Well, I have a gentler but more radical proposal for these people whose greed has gotten the better of them.


After all, most progressives are at their very core, pro-life in the real sense of the word, and against cruel and inhuman punishment and the death penalty. So, too, is the Catholic Church.

Ergo, let’s unite forces on this one (despite our differences over the Reproductive Health bill) and pray for the speedy and just resolution of all the cases filed against ex-President Gloria Macapagal-Arroyo.

Let’s pray that the Holy Spirit or the spirits of our anitos—or ancestors—hover inside the (un)august halls of the Supreme Court, helping shine the light on what should have been the nation’s last bulwark of democracy.

Let’s pray that Chief Justice Renato Corona gains the delicadeza to inhibit himself from all Arroyo cases.

AND JUST what do we have in mind for these people who have acted for so long with arrogance and impunity? 

Rehabilitate them.

Yup, rehab not extrajudicial killing, as evil is the resort of the weak, the challenged and the cowardly. 

Here are my suggestions:

1. Prosecute them, without impunity, in an impartial court. 

2. Give them time in a jail. No special treatment for Gloria Macapagal-Arroyo. But no need to give her extra difficult treatment on the other hand. I mean, who believes in an eye for an eye? Just give her what is  the normal treatment in our normal, overcrowded jails.

3. While in jail, give them time to review Philippine history, the Philippine Constitution, the Civil Service Code. For a few weeks, put them under a regimented schedule that includes lots of prayer, study time (topics above), and for leisure, watching movies like this:

4. Keep these images (and that of other heroes) around their room: 


Andrés Bonifacio y de Castro (30 November 1863 – 10 May 1897) was a Filipino nationalist and revolutionary. He was a founder and later Supremo (“supreme leader”) of the Katipunan movement which sought Philippine independence from Spanish colonial rule and began the Philippine Revolution.He is considered a de facto national hero of the Philippines.

Macario Sakay y de León was a Filipino general in the Philippine Revolution against Spain and in the Philippine-American War. He continued resistance against the United States following the official American declaration of the war’s end in 1902 and in the following year became president of the Tagalog Republic.Sakay was conned by the Americans into coming down from the mountains on promise of amnesty for him and his officials—on top of the formation of Philippine Assembly composed of Filipinos to serve as the gate of freedom. He was invited to receptions and banquets, one of which was a colonial trap where Sakay and his principal lieutenants were disarmed and arrested while the party was in progress. He was accused of banditry and hanged.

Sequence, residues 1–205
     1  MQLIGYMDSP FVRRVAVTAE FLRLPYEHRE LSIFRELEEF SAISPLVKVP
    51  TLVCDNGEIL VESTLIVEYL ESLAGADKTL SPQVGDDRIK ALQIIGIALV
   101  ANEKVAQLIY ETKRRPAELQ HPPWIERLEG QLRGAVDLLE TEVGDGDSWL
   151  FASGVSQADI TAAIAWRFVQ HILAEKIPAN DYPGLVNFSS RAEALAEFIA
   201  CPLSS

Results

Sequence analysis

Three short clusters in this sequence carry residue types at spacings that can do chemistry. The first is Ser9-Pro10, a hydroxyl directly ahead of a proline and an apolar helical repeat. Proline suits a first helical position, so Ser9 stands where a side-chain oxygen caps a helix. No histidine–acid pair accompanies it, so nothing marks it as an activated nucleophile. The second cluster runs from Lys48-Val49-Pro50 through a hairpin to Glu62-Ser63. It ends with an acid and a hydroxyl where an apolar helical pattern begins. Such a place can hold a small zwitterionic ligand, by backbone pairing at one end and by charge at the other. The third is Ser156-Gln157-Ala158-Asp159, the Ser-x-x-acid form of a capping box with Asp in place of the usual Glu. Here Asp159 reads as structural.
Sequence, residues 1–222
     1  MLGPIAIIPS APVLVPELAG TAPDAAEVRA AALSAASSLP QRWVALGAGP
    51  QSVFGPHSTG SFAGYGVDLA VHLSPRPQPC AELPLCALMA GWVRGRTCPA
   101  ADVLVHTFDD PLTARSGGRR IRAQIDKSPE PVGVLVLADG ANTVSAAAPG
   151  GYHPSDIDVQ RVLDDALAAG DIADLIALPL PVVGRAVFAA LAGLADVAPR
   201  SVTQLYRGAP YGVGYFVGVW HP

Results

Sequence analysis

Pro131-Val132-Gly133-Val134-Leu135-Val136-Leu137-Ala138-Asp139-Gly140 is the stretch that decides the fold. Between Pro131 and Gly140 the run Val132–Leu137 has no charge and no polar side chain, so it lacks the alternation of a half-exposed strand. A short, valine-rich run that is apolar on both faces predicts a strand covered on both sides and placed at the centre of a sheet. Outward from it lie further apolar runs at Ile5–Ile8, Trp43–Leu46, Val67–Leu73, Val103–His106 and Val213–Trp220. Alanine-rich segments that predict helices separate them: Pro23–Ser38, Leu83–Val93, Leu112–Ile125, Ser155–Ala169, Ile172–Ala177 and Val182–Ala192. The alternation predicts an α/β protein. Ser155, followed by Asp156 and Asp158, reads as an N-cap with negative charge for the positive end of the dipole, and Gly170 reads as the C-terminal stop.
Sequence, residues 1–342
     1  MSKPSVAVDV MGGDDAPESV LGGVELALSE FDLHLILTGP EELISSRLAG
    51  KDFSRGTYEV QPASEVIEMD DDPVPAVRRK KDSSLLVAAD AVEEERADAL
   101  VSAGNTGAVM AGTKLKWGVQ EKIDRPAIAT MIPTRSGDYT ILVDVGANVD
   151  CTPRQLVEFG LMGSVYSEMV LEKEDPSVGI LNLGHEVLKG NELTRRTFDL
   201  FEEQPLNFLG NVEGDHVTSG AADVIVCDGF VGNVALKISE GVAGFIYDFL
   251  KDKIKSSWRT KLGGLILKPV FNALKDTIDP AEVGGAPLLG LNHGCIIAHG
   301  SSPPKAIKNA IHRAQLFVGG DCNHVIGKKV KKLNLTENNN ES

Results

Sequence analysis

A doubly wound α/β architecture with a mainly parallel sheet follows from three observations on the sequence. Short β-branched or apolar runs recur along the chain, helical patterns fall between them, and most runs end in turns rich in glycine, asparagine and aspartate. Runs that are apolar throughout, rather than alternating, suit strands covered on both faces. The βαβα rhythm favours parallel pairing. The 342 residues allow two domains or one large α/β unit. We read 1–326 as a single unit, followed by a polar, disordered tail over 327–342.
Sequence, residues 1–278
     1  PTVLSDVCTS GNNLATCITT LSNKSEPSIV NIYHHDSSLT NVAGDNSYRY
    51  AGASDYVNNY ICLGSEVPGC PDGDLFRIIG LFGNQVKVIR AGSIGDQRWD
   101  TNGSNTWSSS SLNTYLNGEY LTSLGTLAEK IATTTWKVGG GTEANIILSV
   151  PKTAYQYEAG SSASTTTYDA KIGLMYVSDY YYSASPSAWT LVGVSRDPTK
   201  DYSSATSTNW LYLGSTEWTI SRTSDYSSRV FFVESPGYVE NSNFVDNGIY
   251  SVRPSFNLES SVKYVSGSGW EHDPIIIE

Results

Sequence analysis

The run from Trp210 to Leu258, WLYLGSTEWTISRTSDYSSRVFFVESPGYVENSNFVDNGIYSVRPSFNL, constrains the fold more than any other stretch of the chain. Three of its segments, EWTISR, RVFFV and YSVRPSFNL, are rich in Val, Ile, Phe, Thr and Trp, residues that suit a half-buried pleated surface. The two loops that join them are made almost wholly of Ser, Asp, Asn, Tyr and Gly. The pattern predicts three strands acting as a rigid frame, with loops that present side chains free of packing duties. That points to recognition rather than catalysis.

5. Remember, rehabilitation means:

“To restore to useful life, as through therapy and education or to restore to good condition, operation, or capacity.”

The assumption of rehabilitation is that people are not natively criminal and that it is possible to restore a criminal to a useful life, to a life in which they contribute to themselves and to society. Rather than punishing the harm out of a criminal, rehabilitation would seek, by means of education or therapy, to bring a criminal into a more normal state of mind, or into an attitude which would be helpful to society, rather than be harmful to society.

Because we recognize that these people who act with impunity are simply not in good mental condition, we also suggest psychotherapy? Try accupuncture. Perhaps there is an acupuncture spot that lessens greed? 

6. Part of their rehabilitation should also include:

a. Labor. Oh, no, not hard labor. Just the usual labor that 2/3 of our compatriots are forced to do everyday. Even better , the kind that many Filipino children have to undertake:

b. Separation from family. For years, please. In the same manner that thousands of Filipinos are forced by a collapsing economy and a dysfunctional government to separate from their families and go abroad. We also suggest a six-month stint, at least, as a maid in Singapore. Read:

c. Six months living in one of Metro Manila’s slums, where 40 percent of Manila denizens now live. I suggest Payatas or Baseco, Tondo, where generations after generations of Filipino families have lived without hope.

Don’t forget the daily fare of Lucky Me, Lucky Me and more Lucky Me!Oh, for rehabilitation to be effective, we have to take away some things:
No more breakfasts here:

No more limousine rides with a whole barangay of policemen with wang-wangs (sirens) blazing.
Instead, more rides here:

You know, Zen and the art of tricycle riding? Oh, and  please, don’t forget the exercise: 

AT THE END OF IT ALL, I am sure those once arrogant, greedy and power hungry will see the light.

So you see, our proposed solution is nothing, NOTHING compared what those in power have done to the best and thebrightest who offered their lives for a better country!

Let me end with a song dedicated to those who need to be rehabilitated from their greed:

My personal revenge will be the right
Of our children in the schools and in the gardens

My personal revenge will be to give you
This song which has flourished without panic

My personal revenge will be to show you
The kindness in the eyes of my people 
Who have always fought relentlessly in battle
And been generous and firm in victory.

My personal revenge will be to tell you good morning
On a street without beggars or homeless
When instead of jailing you I suggest